Actinomycosis, commonly called ‘Lumpy Jaw’, is caused by the bacteria Actinomyces bovis, which is a normal inhabitant of the bovine mouth. Actinomycosis is a chronic bacterial disease and is more common in cattle than in goats and sheep. The bacteria enter through cuts and abrasions (i.e. due to teeth eruptions or coarse feed) and migrate to the bone, leading to osteomyeltitis (inflammation and infection of the bony tissues). The mandible is affected more commonly than the maxilla. The defining feature of actinomycosis is the presence of a non-painful swelling under the jaw. This swelling can rupture and drain pus-type, smelly fluid which contaminates the environment.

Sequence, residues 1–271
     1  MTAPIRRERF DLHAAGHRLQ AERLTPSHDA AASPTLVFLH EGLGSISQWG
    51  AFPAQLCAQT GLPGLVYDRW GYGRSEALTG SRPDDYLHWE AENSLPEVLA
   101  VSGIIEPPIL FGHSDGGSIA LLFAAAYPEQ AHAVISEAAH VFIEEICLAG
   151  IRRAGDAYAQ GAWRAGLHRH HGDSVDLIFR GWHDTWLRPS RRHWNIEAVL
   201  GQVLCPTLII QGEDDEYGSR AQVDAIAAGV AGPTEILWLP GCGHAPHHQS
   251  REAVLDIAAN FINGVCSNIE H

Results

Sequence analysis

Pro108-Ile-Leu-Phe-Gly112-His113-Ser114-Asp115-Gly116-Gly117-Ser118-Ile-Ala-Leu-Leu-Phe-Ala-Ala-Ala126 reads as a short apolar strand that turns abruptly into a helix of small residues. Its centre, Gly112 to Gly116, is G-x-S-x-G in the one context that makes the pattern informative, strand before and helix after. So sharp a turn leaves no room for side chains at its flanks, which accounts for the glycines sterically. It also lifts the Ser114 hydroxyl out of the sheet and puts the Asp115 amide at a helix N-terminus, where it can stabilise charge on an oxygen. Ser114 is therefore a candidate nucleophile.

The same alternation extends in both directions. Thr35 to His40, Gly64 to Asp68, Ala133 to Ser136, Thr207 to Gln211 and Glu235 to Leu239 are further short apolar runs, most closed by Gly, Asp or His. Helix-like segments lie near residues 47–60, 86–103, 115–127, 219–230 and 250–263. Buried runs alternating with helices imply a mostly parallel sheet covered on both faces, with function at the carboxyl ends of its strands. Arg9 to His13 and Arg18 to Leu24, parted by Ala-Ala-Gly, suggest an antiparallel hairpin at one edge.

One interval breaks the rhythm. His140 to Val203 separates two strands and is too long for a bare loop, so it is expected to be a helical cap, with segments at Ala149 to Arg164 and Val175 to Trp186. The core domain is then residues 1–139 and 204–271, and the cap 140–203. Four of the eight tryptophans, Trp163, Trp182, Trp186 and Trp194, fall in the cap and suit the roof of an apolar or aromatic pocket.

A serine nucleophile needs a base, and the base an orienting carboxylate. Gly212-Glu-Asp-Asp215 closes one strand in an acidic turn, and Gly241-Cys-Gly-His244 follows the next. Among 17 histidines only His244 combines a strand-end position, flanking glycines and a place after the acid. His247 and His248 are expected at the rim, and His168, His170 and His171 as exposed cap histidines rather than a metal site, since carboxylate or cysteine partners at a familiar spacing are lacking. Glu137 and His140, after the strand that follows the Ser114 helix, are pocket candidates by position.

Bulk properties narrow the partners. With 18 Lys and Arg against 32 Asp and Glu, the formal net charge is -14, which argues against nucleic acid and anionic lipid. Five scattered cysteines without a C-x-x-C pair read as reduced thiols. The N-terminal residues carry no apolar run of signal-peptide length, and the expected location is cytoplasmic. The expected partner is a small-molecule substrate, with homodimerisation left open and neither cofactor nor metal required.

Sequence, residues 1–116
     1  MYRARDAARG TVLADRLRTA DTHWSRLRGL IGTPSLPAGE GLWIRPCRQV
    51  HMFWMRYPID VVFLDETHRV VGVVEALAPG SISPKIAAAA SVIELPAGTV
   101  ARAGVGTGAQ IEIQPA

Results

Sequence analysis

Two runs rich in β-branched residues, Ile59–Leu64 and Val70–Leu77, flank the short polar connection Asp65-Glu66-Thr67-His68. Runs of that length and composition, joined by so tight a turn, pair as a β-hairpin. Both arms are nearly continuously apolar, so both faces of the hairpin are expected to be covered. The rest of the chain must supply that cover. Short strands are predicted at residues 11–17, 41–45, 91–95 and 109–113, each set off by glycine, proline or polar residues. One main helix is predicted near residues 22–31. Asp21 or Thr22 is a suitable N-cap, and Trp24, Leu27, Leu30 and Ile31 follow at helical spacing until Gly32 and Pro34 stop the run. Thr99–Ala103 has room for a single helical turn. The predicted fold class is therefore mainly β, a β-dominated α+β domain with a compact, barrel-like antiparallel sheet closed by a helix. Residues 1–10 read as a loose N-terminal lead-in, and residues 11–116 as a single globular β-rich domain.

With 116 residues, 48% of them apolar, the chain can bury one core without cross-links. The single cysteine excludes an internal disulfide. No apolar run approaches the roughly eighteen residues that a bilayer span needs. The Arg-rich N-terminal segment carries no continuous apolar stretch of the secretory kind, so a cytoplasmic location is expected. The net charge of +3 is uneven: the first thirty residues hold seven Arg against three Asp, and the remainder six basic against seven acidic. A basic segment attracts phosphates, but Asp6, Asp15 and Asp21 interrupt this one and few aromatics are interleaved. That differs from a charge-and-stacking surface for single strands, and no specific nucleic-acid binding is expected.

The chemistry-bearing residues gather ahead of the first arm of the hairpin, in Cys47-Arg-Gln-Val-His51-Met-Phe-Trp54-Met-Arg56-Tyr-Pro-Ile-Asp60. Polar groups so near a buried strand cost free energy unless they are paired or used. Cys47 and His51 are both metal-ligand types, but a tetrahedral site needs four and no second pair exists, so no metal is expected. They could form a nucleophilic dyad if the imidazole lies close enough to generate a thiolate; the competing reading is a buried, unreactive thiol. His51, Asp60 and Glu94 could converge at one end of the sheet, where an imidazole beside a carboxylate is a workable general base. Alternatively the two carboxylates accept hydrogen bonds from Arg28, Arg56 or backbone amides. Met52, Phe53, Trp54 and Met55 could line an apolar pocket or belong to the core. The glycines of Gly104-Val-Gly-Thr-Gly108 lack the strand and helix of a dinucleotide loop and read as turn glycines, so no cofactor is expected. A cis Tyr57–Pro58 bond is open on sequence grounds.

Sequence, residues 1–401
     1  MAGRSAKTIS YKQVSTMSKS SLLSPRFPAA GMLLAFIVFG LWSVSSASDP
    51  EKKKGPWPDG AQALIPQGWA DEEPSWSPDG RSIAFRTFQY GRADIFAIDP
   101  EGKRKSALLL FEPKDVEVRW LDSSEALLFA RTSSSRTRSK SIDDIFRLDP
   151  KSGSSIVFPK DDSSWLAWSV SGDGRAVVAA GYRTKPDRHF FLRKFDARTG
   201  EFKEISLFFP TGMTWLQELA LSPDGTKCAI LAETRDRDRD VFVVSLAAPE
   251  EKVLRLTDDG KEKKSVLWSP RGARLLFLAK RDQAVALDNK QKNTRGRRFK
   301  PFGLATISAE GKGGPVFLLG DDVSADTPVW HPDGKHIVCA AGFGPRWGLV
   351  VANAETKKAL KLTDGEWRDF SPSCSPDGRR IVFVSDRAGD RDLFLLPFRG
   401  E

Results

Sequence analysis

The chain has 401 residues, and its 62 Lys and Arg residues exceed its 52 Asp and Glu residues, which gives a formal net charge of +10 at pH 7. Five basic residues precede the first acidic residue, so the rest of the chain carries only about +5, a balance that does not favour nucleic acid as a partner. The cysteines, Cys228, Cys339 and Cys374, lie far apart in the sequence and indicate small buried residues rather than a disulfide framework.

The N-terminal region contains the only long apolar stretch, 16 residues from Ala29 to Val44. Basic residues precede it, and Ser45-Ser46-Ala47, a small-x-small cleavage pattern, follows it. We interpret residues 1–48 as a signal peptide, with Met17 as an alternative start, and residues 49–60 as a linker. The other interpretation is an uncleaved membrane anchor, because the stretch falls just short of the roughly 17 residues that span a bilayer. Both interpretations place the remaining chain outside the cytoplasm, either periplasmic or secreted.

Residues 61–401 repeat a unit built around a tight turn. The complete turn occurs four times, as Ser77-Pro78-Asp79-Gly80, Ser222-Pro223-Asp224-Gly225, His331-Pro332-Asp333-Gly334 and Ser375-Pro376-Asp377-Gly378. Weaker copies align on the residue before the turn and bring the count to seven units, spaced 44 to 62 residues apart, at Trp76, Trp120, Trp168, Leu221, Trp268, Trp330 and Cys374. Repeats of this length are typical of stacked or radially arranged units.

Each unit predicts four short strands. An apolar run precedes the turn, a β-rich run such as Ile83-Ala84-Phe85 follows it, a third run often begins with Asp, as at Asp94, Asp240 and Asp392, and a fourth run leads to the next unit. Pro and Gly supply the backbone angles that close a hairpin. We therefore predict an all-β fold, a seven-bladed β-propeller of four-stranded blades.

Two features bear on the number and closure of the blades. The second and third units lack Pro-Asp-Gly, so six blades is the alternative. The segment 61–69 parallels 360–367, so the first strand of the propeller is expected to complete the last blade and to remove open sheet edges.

- Hard, immobile, bony mass on the mandible
- Late in the disease, draining tracts may erupt
- Inflammation of the lymph nodes (lymphadenitis)
- Swelling of the pharynx (back of the throat)
- Excessive salivation due to pain
- Abnormal eating, dropping of feed from the mouth, inability to grasp food properly
- Fever in the early stages of disease
Many affected animals are culled as prognosis is often poor and many animals never fully recover. If culling is not preferred, treatments include iodides and antibiotics (penicillin and streptomycin). Additionally, the affected portion of bone and any associated teeth in the surrounding area can be removed.